hied a t oInc'e to the r'escue wl,.4n thi
hI 4lnmy was Iupon)) hihni. TIhere i
>b)ably lil t l' tl'rutlh ill tIc h)ppular' 1n4
ike is th14 mlost 11ubtle, alert, nim
'ihlih of ourli snalkes, and11 Ihav'e neuve:
d(s in his iniouthI."
l'he Pll Mal\I.l Gazie(tte gives the follow
asa euiouslly com)prel'(hensive 1lis
lin~ gIli '54ocial ists' ' : EdA wa: rdu C.ar'
econoif t: li MI ~ichael I )av itt, thle agi
ori; lielfort lha , thel e"s'ayist ; Kegmi
ull, thle pub14 liher; and( Watlter. lOesan
I Mrs. I ,ynn II anton, thte niovelists
rlley, KeaIts', ,J 0ne1S, Brhl')i, D obell
)wningi, Swinburnae, William Morris
I EdAwm Arnlold,. the poets; Ruiskin,
art (rit ie; ChIiarles Kinigsley, thi
m11terir'e O 'lirien and F'er'gus O)'Con
,the chlart.ists ; Roberlt (Owen t h
ilanthiropist; and1 II. M. I lyanmar
journal ist; llrert Spencer, Jobi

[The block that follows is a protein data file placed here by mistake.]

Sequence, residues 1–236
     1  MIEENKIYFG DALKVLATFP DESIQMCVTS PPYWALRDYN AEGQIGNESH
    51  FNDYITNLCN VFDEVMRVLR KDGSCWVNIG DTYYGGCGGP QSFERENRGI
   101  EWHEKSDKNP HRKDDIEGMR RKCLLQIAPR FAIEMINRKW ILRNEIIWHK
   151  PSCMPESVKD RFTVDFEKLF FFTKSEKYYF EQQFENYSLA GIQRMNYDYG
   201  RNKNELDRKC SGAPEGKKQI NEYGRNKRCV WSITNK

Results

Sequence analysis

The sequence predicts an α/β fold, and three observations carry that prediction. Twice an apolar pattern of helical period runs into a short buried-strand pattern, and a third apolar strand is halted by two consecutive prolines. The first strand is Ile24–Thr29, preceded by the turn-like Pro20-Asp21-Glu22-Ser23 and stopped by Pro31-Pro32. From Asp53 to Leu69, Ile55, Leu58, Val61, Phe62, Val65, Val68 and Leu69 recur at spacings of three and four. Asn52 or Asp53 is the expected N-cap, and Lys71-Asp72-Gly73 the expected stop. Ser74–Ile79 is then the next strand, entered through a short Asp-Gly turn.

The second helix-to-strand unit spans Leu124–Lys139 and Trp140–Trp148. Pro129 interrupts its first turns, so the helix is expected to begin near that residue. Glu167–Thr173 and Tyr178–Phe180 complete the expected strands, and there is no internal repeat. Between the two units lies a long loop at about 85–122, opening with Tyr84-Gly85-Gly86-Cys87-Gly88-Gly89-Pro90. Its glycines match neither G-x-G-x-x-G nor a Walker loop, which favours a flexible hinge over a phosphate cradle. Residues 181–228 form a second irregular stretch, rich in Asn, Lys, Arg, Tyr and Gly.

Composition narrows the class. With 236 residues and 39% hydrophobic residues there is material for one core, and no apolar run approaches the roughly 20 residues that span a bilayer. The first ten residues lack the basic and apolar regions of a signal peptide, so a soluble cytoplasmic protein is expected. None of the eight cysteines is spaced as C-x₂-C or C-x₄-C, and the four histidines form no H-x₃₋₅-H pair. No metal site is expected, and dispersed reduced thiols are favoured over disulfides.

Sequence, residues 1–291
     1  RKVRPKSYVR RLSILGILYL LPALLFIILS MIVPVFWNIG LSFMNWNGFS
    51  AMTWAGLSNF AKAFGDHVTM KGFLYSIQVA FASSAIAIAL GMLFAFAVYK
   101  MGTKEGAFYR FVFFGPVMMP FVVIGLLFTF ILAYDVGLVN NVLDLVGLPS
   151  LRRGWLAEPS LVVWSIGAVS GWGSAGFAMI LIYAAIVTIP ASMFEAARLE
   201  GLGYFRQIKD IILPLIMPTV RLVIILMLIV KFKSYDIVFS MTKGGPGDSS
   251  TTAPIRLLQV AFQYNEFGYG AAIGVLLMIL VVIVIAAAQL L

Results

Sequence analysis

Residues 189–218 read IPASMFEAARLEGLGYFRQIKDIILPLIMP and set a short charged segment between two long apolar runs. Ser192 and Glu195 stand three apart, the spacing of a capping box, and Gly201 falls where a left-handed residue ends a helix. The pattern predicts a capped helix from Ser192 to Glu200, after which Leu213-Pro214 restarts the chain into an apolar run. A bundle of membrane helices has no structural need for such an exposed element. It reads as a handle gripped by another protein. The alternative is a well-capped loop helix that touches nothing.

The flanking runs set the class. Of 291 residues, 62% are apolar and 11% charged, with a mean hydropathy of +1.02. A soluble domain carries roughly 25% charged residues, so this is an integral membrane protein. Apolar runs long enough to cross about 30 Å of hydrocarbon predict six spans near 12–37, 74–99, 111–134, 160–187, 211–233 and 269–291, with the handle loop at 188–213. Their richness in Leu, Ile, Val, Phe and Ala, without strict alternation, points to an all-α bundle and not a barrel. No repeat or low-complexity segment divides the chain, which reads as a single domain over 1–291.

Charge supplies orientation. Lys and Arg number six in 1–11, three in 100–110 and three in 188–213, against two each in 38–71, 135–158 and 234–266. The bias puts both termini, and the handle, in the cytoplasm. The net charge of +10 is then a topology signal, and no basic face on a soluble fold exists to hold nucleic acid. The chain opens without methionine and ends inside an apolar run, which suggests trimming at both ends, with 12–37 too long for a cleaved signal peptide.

art Mill, 'T. II. Iluixley., and Chle
rwin ;,*iolm Tynda'l th e scientist; an
Iliaml Kimgdoni Cli'or'd, the 1mo0
MIme. Ad(ehli Patt i w'ill be mardriedi
r. Nicolini ini ,ine next thlat is1
V, in the legal per'Iiod oft teln monti
er her (lvorce from the( Marqluis
ux. Nicolini's r'eal name is Erne
cholas, andl he belongs to a humb
ench family. Ilis wvife, from wvho
has just been dhivored( by mutu
nsent, andl from wIhoil i a
parltated nmany years, is an Italian lat
Limed Maria Anna.
o A Japanese judge lately fined a news.
paper man for not eyediting an articlo
e clipped from a conteiporary.
Nearly 600 newspapers in the United
r States bear the name of -News. of which